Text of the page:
Muscle spasticity is muscle stiffness or spasms. If you experience spasticity, your limbs might feel stiff, heavy or difficult to move. Another way of understanding spasticity is having too much tone in your muscles. They put up needless resistance when you try and move them, rather than being flexible. As I write these words, I am acutely aware that they probably don’t really scratch the surface of how difficult it can be to cope with spasticity. Limbs that won’t cooperate can make lots of daily activities a big chore. Muscle spasticity can also be very painful and, confusingly, limbs can feel both tight and weak at the same time. We have a video which explains this really well.
How spasticity can be treated
There are drugs to treat spasticity, and these are relatively easy to access. Many MS nurses can prescribe them, as can GPs, neurologists or rehabilitation physicians. They are not without side-effects though, and if you have taken any of these medications, you might have experienced effects like drowsiness or dizziness. You might have found the side-effects outweighed any benefit you got from the drug or they may have been an acceptable price to pay for better control of your spasticity.
Drugs are not the whole answer for dealing with spasticity and there are many other ways that you can get more control. Physiotherapists who specialise in neurology are particularly helpful in improving how you cope with and manage your spasticity and can help with identifying what triggers your spasticity and how to avoid these triggers where possible.
Where does medicinal cannabis fit into treating spasticity?
But what does all this have to do with cannabis? If your spasticity is more severe and the drugs that are usually used as the first choice for treatment don’t control your symptoms or if the side-effects cause too many problems, there is another alternative, at least in theory. Sativex is a cannabis-based drug which can only be prescribed by a specialist doctor when other treatments for spasticity have been tried. It is not widely available and indeed NICE has not recommended that it is made available on the NHS in England because they consider that it is not cost effective. It is also not available in Scotland. It is available in Wales, however.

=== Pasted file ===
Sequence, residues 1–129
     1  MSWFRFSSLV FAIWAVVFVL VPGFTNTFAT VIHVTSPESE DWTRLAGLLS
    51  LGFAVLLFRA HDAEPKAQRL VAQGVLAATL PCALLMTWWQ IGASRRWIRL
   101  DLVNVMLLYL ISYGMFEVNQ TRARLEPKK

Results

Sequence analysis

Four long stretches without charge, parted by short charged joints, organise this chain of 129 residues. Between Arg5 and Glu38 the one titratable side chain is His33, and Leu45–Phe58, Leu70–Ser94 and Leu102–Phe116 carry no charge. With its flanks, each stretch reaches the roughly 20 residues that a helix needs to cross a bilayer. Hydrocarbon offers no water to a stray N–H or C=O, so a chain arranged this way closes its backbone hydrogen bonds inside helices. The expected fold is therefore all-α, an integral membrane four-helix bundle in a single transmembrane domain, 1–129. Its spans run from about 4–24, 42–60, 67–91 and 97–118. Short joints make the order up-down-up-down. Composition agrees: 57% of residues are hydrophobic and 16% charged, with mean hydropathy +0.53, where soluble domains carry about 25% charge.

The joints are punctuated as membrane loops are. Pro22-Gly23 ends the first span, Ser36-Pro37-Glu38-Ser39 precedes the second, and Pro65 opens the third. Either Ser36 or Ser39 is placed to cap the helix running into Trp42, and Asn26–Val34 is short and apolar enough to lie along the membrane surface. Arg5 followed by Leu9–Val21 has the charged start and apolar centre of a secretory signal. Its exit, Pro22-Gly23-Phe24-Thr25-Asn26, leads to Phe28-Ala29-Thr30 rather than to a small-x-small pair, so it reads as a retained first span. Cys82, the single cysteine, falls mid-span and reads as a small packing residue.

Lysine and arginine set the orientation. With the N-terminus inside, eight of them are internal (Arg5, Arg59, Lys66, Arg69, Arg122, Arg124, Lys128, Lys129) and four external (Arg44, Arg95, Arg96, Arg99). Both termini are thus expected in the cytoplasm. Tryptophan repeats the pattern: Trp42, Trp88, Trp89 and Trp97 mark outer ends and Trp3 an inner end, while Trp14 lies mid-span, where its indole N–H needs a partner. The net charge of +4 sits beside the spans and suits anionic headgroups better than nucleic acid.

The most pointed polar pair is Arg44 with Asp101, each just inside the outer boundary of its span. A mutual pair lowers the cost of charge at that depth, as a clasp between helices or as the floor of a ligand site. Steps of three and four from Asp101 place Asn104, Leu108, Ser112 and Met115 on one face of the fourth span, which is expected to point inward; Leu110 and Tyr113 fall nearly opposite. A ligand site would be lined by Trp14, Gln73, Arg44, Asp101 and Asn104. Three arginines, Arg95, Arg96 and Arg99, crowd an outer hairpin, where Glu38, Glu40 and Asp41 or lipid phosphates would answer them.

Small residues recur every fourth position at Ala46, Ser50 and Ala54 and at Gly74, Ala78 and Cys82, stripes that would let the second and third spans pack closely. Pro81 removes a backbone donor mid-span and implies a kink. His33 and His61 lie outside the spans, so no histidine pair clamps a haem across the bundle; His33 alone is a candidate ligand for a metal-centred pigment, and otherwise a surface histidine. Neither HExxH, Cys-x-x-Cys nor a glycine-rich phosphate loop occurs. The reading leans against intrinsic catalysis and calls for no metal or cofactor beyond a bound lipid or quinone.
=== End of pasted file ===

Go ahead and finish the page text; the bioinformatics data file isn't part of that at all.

Over the years, some people with MS have opted to treat symptoms such as muscle spasticity by illegal use of cannabis. Sativex, as a cannabis based drug, was viewed by many as being a legal alternative which could deliver a similar benefit in improving spasticity. In reality, the drug is not used as a first choice for treating spasticity, not everyone benefits from the drug and no drug on its own will fully resolve problems with spasticity. Support from therapists such as physios and developing good strategies for managing your triggers will always be a key part of getting your spasticity as well controlled as possible.
Where we stand
The plain fact is that cannabis is an illegal drug. We don’t encourage or condone the use of an illegal drug but we recognise that it’s a personal choice, like all our health and lifestyle choices. We know that limited access to Sativex may influence some people with MS to source cannabis in other ways and this is what troubles us most. Given that it’s possible to know within a relatively short time (about a month) whether someone will benefit from Sativex, and given that it will only ever be suitable for people whose spasticity is not controlled with the first choice drugs, we feel that its reasonable that, for this small number of people, Sativex is available as an option on the NHS. That way it can be appropriately and safely used. It might also help reduce illegal use of cannabis with all the risks involved.
If you are struggling with muscle spasticity, we strongly encourage you to seek support from your MS team. This could be your MS nurse, physiotherapist, occupational therapist or your neurologist. They can help look at your spasticity in terms of your MS overall and the other symptoms you might be experiencing. Spasticity is a difficult problem and the answer lies in using a range of strategies, which might include having a drug prescribed. Most importantly, we hope you don’t struggle on alone. Seek information and support from sources like the MS Trust, and contact your MS team for help.